Samoa’s O le Pūpū Puē (O.L.P.P.) National Park has been officially added to the List of the Wetlands of International Importance under the Ramsar Convention on Wetlands.
O.L.P.P has become the 2313rd Ramsar Site globally, the 9th Ramsar Site in the Pacific Region, the government confirmed yesterday.
The inclusion follows the government’s endorsement on 2nd February 2016 and extensive field surveys, researches and literature review conducted by the Ministry of Natural Resources and Environment (M.N.R.E) as well as the tremendous contributions of its stakeholders.
The listing of this site demonstrates the government’s commitment to recognizing the international importance of these wetland features.
“This is considered as another milestone achieved by the Ministry through its conservation effort to ensure the conservation and wise use of wetland ecosystems in Samoa as a contribution towards achieving sustainable development throughout the world,” the M.N.R.E’s Chief Executive Officer, Ulu Bismarck Crawley, said in a statement.
“With the new designation of O.L.P.P National Park, Samoa now has two Ramsar Sites, with the total surface covering 5,489 hectares. These areas make a significant contribution to the local economies by supporting water supply and agriculture.”
The site extends from the highest points of Upolu Island down to the rugged Le Pūpū lava cliffs on the island’s south coast.
It is home to two montane herbaceous marshes as well as parts of Mataloa River and Vaalega River, all good representatives of such ecosystems in Samoa.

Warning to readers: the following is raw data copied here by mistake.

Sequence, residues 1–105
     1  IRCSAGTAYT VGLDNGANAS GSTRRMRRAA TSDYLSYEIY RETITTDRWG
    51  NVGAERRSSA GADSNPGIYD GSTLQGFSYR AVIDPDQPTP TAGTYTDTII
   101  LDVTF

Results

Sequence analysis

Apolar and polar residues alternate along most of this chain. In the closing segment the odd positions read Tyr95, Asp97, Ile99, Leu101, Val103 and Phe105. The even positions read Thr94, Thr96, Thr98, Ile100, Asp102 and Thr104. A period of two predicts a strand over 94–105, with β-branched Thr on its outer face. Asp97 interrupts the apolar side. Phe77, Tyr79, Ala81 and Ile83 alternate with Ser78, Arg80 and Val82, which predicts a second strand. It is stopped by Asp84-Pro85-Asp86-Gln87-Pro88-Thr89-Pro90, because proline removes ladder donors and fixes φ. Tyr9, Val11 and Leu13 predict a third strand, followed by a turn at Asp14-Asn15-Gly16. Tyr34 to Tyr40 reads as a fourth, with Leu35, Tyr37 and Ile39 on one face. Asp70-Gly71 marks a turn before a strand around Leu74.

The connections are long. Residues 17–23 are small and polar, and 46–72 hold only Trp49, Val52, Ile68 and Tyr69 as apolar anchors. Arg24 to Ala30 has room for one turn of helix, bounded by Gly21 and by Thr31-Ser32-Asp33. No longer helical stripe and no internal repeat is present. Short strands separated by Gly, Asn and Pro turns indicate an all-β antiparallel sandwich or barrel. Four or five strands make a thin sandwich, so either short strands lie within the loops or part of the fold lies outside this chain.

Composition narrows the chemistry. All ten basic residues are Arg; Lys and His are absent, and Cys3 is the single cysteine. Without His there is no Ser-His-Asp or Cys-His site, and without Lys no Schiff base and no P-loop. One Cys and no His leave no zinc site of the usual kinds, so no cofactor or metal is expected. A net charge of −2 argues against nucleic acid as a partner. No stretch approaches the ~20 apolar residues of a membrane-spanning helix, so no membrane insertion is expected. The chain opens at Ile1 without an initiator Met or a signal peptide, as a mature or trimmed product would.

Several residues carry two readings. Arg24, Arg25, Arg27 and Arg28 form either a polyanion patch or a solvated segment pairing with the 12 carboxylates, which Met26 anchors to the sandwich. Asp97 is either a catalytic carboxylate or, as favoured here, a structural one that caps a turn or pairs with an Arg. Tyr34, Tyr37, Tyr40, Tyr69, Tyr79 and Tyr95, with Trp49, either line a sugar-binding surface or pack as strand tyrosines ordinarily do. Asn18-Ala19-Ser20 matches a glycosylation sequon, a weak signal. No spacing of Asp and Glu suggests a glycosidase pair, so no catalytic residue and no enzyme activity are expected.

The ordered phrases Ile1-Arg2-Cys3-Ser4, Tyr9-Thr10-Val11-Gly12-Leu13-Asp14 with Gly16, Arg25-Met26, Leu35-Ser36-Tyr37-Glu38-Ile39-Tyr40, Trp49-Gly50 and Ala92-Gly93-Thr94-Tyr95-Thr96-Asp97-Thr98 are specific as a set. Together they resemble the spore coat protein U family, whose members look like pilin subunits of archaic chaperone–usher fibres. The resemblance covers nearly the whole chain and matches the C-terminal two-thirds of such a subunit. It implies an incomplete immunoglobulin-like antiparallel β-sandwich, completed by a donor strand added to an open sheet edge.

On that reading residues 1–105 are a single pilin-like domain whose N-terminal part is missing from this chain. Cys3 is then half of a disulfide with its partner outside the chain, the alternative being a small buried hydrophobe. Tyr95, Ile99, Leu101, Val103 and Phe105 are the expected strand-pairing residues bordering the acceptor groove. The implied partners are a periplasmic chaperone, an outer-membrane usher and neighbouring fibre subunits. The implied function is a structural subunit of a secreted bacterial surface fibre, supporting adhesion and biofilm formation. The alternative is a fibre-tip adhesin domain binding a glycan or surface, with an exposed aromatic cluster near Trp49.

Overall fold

The Park includes large tracts of forest dominated by native plants, and is considered as the island’s best-preserved remaining tropical forest. It includes parts of the Togitogiga water catchment, the main water source for four (4) villages, and also boasts waterfalls that are a prime tourist attraction.
The O.L.P.P National Park is one of the eight terrestrial Key Biodiversity Areas (K.B.A) as well as an Important Bird Area (I.B.A) in Samoa.
Its diverse habitats support four of the eight globally threatened bird species of Samoa including the critically endangered tooth-billed pigeon (Didunculus strigirostris) and the endangered ma’o (Gymnomyza samoensis), whose populations have severely declined in recent years.
It is likely that the freshwater ecosystems in the Park support significant biodiversity.
Several management actions are being undertaken by the Ministry and its partners to address the vigorous spread of invasive plant species after the cyclones of 1990 and 1991 caused extensive damage to the lowland forests including the Carbon Offsets Project, a joint initiative by the Samoa Conservation Society (SCS) and the Ministry to support forest restoration and increase ecological resilience of the Park.
By listing O.L.P.P as a second Ramsar Site for Samoa, the government has signalled its long-term commitment to maintain the ecological character of the site and restore the vital ecosystem services it provided to the communities.